The WoS nutrition sector has played an important role in heralding the way to share information between cross-border and Damascus-led programming; there is much closer collaboration as a result. Cross-line convoy plans to reach besieged and hard-to-reach areas are shared via OCHA and the WoS coordinator on a monthly basis. The Turkey cluster informs partners on plans and when supplies (RUTF, RUSF, Plumpy’Doz and multiple micronutrients) will arrive. Some interruptions of pipeline remain due to funding constraints.

For besieged and hard-to-reach areas, cross-line convoys deliver supplies to the local relief committees and cross-border partners are informed of the delivery; supplies may be accessed directly or beneficiaries or health staff can approach relief committees as appropriate. Additionally, cross-border partners may inform the respective hubs/sectors/clusters about the availability of and/or gaps in supplies to support the planning of future cross-line convoys. See Figure 2 for coverage from various hubs, which is currently reduced.

Integrated programming

A priority area of Nutrition Cluster advocacy is to advocate to donors on the need for integrated efforts between sectors and for more funding for the Nutrition Cluster. Advocacy to donors highlighting IYCF and related stunting issues has led to more funding through UNICEF and INGOs for capacity building of local Syrian NGOs to scale up preventative nutrition interventions and for procurement of nutrition supplies. Funding to nutrition is improving to the Nutrition Cluster and to national and international partners, but considerable shortfalls to achieve nutrition programming at scale remain. There were also delays in receiving funds in 2017 due to the diversion of funds to support famines and cholera outbreaks in other countries.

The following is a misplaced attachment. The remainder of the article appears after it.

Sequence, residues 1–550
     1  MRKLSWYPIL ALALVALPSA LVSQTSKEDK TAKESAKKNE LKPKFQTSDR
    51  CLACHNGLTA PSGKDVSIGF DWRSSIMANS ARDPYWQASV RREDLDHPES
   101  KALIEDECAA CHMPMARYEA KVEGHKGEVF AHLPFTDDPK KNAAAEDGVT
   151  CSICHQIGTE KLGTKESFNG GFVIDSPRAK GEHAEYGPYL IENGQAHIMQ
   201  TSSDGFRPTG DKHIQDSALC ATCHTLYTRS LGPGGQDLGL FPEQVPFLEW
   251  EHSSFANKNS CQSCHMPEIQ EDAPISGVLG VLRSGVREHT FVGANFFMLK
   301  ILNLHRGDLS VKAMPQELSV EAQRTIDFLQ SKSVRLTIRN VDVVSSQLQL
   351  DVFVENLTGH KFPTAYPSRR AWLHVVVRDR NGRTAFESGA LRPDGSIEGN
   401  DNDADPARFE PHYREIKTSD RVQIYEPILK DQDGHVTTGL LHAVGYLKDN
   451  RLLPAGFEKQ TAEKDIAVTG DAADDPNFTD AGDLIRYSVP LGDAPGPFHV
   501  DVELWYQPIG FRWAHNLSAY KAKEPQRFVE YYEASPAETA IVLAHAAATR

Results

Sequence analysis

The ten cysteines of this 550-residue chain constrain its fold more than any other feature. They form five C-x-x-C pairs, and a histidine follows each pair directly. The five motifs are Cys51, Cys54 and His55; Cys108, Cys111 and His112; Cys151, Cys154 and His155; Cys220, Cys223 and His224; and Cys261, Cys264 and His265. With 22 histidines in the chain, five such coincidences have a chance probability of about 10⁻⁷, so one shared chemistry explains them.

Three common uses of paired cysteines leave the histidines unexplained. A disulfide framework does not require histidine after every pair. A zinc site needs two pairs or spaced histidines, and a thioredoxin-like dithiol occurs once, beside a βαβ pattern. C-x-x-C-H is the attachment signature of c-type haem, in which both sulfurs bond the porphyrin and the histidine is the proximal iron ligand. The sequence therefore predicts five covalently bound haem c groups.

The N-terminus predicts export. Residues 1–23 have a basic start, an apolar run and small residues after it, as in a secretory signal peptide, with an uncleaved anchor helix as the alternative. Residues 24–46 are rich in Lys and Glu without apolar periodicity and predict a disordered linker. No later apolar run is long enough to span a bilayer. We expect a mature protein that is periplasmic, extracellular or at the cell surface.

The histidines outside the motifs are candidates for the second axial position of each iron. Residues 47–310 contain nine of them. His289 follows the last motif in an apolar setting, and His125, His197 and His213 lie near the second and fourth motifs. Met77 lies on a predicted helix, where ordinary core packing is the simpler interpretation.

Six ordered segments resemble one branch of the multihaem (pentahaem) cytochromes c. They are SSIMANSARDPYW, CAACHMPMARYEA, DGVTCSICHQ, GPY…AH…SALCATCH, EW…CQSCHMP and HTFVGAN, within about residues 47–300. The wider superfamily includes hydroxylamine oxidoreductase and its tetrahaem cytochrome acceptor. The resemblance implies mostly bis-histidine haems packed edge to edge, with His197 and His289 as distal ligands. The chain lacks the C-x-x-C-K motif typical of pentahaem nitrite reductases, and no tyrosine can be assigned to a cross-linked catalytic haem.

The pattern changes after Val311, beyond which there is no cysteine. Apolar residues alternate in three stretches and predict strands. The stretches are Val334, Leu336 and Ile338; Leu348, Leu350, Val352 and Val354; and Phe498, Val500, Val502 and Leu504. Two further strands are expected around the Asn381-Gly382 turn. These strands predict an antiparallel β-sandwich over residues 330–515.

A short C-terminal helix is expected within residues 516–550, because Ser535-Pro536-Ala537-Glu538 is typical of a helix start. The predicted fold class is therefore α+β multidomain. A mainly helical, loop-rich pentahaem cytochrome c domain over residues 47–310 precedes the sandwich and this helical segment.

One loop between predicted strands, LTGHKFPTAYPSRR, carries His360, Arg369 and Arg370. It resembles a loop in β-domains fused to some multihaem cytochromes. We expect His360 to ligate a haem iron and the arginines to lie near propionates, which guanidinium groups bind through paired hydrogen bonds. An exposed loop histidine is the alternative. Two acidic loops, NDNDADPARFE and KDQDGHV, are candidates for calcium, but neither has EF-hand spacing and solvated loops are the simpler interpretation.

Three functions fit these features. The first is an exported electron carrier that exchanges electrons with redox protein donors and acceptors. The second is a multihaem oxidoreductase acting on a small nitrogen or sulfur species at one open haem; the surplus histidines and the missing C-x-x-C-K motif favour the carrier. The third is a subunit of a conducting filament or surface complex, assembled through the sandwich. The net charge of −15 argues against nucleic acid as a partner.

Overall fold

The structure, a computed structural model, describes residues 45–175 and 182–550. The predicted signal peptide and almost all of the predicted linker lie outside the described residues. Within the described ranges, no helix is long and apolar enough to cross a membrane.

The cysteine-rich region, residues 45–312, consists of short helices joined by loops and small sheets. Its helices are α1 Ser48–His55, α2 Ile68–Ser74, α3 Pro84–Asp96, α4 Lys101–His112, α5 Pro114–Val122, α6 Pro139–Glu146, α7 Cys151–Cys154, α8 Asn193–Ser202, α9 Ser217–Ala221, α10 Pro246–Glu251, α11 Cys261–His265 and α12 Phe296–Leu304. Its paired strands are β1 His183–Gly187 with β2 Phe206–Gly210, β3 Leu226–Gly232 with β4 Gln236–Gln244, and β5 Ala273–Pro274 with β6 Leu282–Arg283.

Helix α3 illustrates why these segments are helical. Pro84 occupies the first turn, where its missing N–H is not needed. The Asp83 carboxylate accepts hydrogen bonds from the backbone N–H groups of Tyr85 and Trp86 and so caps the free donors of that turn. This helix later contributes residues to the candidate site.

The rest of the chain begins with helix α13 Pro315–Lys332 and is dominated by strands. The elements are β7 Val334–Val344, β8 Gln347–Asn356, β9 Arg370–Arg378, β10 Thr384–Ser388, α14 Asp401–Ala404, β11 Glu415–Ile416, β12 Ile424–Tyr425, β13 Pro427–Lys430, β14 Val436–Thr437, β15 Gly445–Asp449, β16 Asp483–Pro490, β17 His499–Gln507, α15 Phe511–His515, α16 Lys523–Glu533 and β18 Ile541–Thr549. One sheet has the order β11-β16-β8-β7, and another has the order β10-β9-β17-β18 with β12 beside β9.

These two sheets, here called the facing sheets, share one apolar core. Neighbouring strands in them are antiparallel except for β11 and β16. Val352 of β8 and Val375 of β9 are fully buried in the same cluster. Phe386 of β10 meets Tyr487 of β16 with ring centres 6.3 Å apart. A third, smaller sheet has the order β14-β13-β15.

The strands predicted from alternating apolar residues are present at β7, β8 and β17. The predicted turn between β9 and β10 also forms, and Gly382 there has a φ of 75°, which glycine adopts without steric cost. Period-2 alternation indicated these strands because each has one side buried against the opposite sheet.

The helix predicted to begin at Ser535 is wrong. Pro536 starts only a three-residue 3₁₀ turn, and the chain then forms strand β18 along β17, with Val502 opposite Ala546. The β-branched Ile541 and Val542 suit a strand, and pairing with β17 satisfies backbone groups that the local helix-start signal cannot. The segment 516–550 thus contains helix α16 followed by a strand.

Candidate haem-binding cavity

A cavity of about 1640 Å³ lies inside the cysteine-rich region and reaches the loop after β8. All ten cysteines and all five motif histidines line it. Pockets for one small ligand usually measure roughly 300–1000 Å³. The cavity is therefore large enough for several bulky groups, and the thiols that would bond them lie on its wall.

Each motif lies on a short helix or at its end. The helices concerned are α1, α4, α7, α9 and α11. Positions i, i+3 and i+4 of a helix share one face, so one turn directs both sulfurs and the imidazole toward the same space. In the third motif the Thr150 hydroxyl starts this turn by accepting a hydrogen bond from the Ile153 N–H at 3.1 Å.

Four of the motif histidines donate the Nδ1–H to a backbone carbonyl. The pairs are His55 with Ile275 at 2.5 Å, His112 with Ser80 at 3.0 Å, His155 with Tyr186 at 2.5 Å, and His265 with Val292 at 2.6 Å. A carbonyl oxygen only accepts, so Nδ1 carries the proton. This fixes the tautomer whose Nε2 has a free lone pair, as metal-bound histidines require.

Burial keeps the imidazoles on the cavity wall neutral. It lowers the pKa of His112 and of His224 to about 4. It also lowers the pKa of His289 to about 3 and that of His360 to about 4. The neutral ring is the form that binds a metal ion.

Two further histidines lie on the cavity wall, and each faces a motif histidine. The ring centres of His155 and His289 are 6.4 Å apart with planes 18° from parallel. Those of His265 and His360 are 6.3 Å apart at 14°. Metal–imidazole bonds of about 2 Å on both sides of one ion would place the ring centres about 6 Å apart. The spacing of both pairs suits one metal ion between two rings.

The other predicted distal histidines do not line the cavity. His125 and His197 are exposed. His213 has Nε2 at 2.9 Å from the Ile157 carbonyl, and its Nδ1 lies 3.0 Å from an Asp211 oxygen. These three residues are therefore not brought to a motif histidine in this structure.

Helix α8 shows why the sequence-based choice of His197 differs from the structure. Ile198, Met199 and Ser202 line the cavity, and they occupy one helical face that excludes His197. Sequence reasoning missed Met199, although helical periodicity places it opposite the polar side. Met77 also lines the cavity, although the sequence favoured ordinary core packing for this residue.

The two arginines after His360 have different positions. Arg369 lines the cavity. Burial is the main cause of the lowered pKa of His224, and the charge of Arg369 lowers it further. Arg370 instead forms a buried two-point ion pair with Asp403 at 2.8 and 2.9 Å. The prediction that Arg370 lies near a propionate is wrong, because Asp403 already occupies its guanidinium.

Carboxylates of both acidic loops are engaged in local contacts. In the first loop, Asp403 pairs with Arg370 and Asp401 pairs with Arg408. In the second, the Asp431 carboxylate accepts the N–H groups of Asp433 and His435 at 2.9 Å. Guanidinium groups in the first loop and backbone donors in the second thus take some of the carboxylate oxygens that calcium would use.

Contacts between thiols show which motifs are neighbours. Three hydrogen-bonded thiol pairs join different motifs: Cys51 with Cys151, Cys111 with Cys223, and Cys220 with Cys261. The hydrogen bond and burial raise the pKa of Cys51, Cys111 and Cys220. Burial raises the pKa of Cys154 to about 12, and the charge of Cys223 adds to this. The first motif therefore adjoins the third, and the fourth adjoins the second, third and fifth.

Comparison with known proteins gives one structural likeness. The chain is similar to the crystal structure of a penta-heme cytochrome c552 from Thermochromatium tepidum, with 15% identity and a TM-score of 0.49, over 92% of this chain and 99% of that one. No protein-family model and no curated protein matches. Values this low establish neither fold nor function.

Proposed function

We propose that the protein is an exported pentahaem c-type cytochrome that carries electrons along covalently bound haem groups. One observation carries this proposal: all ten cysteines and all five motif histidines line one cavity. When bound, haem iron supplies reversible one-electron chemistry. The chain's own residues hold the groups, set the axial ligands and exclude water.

Information sharing has improved dramatically over the last two years, with stronger coordination between sectors and joint programming with both food security and child protection on nutrition. Three priority areas have been identified by the Nutrition Cluster for integration with other sectors:

  • Raising awareness on IYCF;
  • Blanket feeding of Plumpy’Doz (children aged 6-23 months for prevention of malnutrition) and multiple micronutrient supplementation; and
  • Screening for malnutrition and referral for treatment.

The Nutrition Cluster has conducted a workshop with child protection, food security and WASH and identified areas of integration (see Box 1). It has also worked with the Food Security and Livelihoods Cluster in joint emergency response to new IDPs, integrated programming in 2017 and collaborated on nutrition-sensitive agriculture (kitchen gardening). UNICEF recently signed a project cooperation agreement with two food security partners to integrate nutrition interventions with the general food distribution and there are plans to do the same with livelihood partners. The Nutrition Cluster has undertaken capacity development on nutrition with food security, WASH and child protection partners and has developed an integrated (multi-sector) programming training manual and information, education and communication (IEC) material to support this effort.

Box 1:  Integration of nutrition with child protection and WASH

Child protection nutrition activities identified at Gaziantep level include:

  • Protection actors training nutrition actors at management level on safeguarding and integration within nutrition and IYCF activities.